Many whales take long journeys each year, spending summers feeding in cold waters and moving to warm tropical waters to breed. One theory suggests that these long-distance migrations originated around 5 million years ago, when ocean productivity became increasingly patchy. But patterns of ancient whale migrations have, until recently, been shrouded in mystery. Scientists from the Smithsonian Tropical Research Institute (STRI) and the University of California, Berkeley approached this question with an ingenious technique: barnacles.
“Instead of looking for clues to migration patterns from the whale’s bones, we used hitch-hiking whale barnacles instead,” said Larry Taylor, STRI visiting scientist and doctoral student at UC Berkeley who led the study.
Barnacles are crustaceans (crabs, lobsters, shrimp) that live stuck in one place in a hard shell. Most glue themselves to rocks, but whale barnacles attach to a whale’s skin by sucking the skin in.
“Whale barnacles are usually species specific — one species of barnacle on one type of whale,” said Aaron O’Dea, staff scientist at STRI and co-author of the study. “This gives the barnacle several advantages — a safe surface to live on, a free ride to some of the richest waters in the world and a chance to meet up with others when the whales get together to mate.”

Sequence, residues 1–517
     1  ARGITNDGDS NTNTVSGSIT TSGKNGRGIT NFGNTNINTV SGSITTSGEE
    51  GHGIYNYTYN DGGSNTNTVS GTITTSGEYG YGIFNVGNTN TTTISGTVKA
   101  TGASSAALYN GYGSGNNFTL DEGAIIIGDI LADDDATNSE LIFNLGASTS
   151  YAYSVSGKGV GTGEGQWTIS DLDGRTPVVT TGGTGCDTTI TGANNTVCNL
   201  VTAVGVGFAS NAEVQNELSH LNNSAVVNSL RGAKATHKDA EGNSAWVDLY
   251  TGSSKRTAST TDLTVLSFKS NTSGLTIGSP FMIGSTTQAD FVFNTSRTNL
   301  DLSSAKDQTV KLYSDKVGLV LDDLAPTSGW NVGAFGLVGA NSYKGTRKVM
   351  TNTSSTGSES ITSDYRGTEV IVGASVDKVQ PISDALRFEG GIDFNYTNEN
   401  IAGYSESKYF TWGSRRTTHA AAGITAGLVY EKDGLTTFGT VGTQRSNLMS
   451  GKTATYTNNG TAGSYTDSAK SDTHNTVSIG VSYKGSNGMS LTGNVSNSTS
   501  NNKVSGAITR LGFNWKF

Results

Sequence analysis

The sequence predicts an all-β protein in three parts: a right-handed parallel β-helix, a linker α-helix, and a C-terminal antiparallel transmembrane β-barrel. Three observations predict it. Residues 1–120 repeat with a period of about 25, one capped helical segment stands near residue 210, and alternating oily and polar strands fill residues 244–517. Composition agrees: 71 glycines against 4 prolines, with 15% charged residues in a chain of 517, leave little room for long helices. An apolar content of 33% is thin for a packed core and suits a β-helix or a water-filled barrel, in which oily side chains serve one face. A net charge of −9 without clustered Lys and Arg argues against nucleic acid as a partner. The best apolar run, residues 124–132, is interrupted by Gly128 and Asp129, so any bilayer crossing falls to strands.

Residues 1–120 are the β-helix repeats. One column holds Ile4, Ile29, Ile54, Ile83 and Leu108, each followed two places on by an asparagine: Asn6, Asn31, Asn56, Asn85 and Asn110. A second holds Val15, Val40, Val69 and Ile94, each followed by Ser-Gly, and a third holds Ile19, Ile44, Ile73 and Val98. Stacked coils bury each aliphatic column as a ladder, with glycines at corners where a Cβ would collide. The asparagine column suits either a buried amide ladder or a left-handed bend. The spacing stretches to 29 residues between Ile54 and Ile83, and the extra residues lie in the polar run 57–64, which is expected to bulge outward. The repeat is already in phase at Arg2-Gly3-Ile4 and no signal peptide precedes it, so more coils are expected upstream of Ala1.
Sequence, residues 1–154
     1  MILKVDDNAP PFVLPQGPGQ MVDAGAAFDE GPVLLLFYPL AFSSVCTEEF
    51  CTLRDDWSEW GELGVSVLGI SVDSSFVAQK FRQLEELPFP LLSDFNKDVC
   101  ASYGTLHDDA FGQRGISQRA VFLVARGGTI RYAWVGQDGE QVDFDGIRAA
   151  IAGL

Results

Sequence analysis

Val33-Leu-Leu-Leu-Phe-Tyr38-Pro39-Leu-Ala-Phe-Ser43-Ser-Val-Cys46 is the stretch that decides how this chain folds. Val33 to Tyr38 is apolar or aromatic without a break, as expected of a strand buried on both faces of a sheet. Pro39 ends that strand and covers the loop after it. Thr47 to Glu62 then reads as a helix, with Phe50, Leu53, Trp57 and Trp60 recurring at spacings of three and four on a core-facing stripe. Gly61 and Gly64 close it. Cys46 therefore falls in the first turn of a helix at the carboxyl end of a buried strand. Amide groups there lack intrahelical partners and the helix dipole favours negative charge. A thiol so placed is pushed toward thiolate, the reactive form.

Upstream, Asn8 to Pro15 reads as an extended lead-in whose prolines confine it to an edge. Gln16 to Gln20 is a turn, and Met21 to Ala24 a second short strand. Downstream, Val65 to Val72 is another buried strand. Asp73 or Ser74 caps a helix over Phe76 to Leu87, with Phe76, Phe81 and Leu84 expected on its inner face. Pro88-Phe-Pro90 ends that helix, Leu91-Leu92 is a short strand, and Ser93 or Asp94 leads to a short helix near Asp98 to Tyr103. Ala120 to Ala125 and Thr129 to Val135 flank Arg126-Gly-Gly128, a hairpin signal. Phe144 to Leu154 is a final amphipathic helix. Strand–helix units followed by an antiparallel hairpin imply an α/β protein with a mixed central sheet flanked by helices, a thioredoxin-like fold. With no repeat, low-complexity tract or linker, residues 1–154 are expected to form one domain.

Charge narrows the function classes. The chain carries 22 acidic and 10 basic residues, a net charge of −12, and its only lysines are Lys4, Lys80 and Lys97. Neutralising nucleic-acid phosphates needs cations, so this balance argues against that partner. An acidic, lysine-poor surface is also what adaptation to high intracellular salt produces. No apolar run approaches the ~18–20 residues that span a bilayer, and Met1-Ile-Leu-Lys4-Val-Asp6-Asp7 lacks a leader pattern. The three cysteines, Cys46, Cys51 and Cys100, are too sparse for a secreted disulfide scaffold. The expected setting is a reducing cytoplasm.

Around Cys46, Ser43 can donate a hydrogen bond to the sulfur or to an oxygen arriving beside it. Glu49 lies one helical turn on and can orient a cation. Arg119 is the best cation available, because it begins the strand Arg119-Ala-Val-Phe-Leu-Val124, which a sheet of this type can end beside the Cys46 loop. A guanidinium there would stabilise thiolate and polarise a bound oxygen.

As whale barnacles grow, their shells record the conditions by taking up oxygen isotopes from the water. By carefully reading the unique isotope signatures left in the shells, the barnacles can reveal the water bodies the barnacle passed through, helping reconstruct the whale’s movements over time.
The study, published in Proceedings of the National Academy of Sciences looked at a number of fossil and modern whale barnacles from the Pacific coast of Panama and California.
“The signals we found in the fossil barnacles showed us quite clearly that ancient humpback and grey whales were undertaking journeys very similar to those that these whales make today,” Taylor said. “It seems like the summer-breeding and winter-feeding migrations have been an integral part of the way of life of these whales for hundreds of thousands of years.”
“We want to push the technique further back in time and across different whale populations,” said Seth Finnegan, co-author from UC Berkeley. “Hunting for fossil whale barnacles is easier than whales, and they provide a wealth of information waiting to be uncovered.”
Larry D. Taylor, Aaron O’Dea, Timothy J. Bralower, Seth Finnegan. Isotopes from fossil coronulid barnacle shells record evidence of migration in multiple Pleistocene whale populations. Proceedings of the National Academy of Sciences, 2019; 201808759 DOI: 10.1073/pnas.1808759116
Note: The above post is reprinted from materials provided by Smithsonian Tropical Research Institute.